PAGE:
Details of archaeological sites excavated and recorded within Southwark are frequently published in the London Archaeologist - copies are available by subscription. Copies can also be found in some libraries or the more recent publications can be purchased. Old editions can be found on the webpage.

Longer reports are published in Surrey Archaeological Collections, a journal published by the Surrey Archaeological Society.  Southwark's historic link with Surrey has survived in this form. The London and Middlesex Archaeological Society Transactions also sometimes publish material from Southwark.

Visiting scheduled ancient monuments

It's possible to visit six of the eight Scheduled Ancient Monuments in Southwark, where some remains or information can be seen.  The remains of the west wall and part of the south wall of the Great Hall of Winchester Palace commonly referred to as the Rose Window can be seen from Clink Street. The southwest tower of Bermondsey Abbey Church can be seen under a glass floor within the cafe at Bermondsey Square.

The site of the original Globe Theatre can be seen on the south side of Park Street, where the original area of the theatre is laid out in cobbles within Playhouse Court. Notice boards are also displayed on the visitor platform.

The Rose Theatre on Park Street at the junction of Rose Alley and Park Street has frequent open days where the archaeological remains of the theatre and an exhibition on its history and rediscovery can be seen. The theatre runs seasons of plays throughout the year. A number of Shakespeare’s plays premiered at the Rose and this is currently the only place where you can see his plays performed on the original theatre site. You can find more details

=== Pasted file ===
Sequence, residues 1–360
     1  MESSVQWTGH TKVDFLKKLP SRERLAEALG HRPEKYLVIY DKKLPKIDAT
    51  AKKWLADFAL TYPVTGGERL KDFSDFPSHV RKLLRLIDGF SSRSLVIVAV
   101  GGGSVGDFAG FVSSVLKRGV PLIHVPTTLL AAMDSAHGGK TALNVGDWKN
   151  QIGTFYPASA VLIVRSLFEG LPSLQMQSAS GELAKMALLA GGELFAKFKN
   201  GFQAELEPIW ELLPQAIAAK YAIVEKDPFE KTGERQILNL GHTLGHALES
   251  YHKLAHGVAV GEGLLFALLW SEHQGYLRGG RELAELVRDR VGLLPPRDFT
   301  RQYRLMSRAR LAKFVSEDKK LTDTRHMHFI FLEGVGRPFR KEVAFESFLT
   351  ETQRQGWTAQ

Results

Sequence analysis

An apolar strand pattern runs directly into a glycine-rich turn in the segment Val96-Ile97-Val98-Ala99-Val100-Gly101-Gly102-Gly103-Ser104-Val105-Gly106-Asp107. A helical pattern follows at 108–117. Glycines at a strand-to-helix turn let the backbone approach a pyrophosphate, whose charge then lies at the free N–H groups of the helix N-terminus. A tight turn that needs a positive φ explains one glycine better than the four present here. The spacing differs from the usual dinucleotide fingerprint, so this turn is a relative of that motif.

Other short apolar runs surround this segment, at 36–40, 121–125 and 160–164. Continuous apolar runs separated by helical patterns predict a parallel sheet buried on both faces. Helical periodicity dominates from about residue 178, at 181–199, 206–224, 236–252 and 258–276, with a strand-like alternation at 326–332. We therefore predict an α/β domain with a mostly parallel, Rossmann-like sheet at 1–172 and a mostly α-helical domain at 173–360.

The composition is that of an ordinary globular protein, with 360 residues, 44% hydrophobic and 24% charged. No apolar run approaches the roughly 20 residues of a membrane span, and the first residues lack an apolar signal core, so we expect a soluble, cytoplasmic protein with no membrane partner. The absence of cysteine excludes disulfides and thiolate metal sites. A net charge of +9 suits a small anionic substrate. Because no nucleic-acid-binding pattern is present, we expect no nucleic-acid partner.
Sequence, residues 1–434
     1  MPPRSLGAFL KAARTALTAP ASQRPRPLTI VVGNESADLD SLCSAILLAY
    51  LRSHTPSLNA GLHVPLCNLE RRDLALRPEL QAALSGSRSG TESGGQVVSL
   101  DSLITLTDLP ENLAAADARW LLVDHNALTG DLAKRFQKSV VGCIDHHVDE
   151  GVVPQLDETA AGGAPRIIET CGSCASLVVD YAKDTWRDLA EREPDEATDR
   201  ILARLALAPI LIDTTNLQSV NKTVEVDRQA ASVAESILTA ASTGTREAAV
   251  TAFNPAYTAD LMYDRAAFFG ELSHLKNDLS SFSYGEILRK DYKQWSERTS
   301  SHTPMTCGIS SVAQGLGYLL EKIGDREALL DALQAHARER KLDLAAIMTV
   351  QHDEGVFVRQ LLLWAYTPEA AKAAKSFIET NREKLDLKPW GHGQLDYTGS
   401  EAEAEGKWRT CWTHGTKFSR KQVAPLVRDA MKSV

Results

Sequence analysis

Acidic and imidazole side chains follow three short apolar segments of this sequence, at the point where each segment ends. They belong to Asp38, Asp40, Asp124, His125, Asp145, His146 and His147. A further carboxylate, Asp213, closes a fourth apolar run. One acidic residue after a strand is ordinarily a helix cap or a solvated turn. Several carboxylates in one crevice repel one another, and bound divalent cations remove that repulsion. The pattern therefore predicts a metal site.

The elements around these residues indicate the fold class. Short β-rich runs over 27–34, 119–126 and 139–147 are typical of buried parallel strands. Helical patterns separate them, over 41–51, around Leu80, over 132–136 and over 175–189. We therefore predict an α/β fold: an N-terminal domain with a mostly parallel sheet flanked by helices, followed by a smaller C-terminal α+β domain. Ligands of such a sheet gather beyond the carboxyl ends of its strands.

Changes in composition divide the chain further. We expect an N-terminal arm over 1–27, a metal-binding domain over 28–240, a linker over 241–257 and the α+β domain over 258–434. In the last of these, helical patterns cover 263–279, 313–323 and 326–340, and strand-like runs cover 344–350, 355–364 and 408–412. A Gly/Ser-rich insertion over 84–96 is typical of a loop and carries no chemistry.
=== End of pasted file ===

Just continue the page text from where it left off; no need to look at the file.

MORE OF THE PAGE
The Brunel Museum occupies the engine house used to power the pumps for the excavation of the first tunnel under the Thames, where Isambard Kingdom Brunel stated his career working with his father, Sir Marc Brunel. You can visit the museum website for opening hours and events.

Located near to the Brunel Museum are the remains of King Edward III's moated Manor House at Platform Wharf. The stone remains of the small moated medieval house are laid out in the park together with an information board presenting a reconstruction of the building. The Manor House can be found just to the South of Bermondsey Wall East at the junction with Cathay Street, near to King Stairs Gardens.

The remains of the Roman boat under Guy’s Hospital and the Hope playhouse and associated bear baiting arenas survive. Buried archaeological remains can be found, although not much can be seen at street level.

Museums in Southwark

You can find a list of all the museums in Southwark.

Page last updated: 11 January 2022